Almost everyone is now aware that Moneyval, as it calls itself, an inquisitional arm of the Council of Europe, recently issued a very poor school report for Monaco, saying that not enough has been done to guard against money-laundering, fraud, and the financing of terrorism. One media outlet called the report ‘withering’ in its criticisms.

As a result, a special action force has been established by Monaco’s Government to try to hurry everyone along – with committee meetings held more often – to make sure that Moneyval is more impressed at the end of term and ahead of the summer exams.

However, there is a problem. Moneyval is not satisfied that banks in Monaco already need to investigate transfers in or out of accounts and satisfy themselves, and therefore others, that nothing fraudulent is going on, and certainly no financing of terrorism.

No, no. Moneyval is also interested in Monaco’s high-end shops, particularly jewellers, and has said that not enough has been achieved in this subject.

The problem is that Moneyval doesn’t spell out in detail the sort of ‘safeguards and controls’ it would care to see adopted. It’s as if the school’s history curriculum spanned the last three thousand years, with detailed questions asked about what historical figures ate for breakfast, with kings and despots apparently chosen at random.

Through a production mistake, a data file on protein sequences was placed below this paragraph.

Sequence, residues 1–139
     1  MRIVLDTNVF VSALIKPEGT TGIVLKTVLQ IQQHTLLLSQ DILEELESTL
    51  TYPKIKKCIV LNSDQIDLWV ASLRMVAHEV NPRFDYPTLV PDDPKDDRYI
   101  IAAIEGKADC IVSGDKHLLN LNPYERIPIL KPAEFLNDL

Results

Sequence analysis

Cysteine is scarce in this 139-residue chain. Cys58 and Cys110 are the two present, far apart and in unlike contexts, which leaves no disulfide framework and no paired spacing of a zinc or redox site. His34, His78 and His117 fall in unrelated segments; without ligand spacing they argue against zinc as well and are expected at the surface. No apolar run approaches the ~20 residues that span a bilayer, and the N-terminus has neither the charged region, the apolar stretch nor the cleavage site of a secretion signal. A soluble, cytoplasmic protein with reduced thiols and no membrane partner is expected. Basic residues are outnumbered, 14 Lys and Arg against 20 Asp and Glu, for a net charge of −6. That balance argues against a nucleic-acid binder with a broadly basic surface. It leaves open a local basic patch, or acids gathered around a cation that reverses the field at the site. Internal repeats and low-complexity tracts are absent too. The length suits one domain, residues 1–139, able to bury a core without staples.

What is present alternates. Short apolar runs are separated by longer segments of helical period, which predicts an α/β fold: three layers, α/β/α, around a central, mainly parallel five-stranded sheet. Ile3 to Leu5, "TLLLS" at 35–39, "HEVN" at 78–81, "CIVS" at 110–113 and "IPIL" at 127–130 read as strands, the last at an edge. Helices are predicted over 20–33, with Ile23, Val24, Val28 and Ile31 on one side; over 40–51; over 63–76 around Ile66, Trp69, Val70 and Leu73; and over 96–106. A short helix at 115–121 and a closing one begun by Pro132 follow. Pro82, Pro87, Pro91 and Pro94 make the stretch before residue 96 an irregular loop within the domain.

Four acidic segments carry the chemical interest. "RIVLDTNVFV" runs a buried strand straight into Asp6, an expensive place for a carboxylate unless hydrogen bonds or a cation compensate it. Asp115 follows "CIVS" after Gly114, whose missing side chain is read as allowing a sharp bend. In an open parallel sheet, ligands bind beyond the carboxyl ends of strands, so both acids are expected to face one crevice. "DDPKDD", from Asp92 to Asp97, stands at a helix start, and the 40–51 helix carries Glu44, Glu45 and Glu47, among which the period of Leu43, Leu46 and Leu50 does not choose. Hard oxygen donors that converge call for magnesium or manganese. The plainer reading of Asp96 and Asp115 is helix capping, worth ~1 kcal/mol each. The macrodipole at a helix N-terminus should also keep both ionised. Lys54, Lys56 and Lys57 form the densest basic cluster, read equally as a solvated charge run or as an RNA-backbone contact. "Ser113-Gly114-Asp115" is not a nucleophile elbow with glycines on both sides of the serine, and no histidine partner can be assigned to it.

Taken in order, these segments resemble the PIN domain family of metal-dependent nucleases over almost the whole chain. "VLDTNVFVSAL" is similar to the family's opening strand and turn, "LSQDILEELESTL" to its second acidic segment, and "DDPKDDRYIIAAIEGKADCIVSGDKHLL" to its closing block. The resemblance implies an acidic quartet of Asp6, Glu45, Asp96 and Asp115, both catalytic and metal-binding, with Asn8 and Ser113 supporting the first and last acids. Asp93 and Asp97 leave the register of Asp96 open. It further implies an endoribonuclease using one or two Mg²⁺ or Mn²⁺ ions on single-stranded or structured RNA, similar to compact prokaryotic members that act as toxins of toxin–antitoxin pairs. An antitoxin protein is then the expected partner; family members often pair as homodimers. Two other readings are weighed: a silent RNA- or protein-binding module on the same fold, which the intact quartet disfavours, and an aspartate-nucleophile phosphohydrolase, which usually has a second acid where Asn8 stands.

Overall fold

It is a very alarming situation.

Furthermore, the most iconic institution that Monaco has is also under threat. The Casino.

To say that the Casino has done Monaco proud over the years would be a serious understatement. I don’t gamble – not with money – but for me the Casino is wonderfully romantic. I don’t pop in very often, but it’s just… splendid. The restaurant is out of this world. But Moneyval would like to see things change.

James Bond will be expected to prove that the chips he buys are funded by his employer, who is, of course, His Majesty’s Secret Service. That would let the cat out of the bag. Likewise, the billionaire daughters of Central Asian dictators would be similarly obliged to make a declaration or two. This would not be good for business.

One of the great allures of Monte-Carlo is that certain edginess it has. Taking that away in the name of checking on everyone’s tax status would be disastrous.

In the meantime, I have had to use my new HP printer to scan a document. However, there is no scan button. The HP website told me that in order to scan a piece of paper or whatever, I would need to download an App. I loathe Apps, most of them are a very tedious waste of time. But they are also very dangerous, since in order to have the App that would graciously allow me to scan my passport I had to proceed through 18 stages, at the end of which HP knew everything about me.

I suspect Moneyval had a hand in that too. It is ubiquitous and also everywhere.

Monte-Carlo Diary is published in the interests of diversity, and any views expressed or implied do not necessarily reflect those of the publishers.

PHOTO: Monaco’s glorious Casino. Courtesy SBM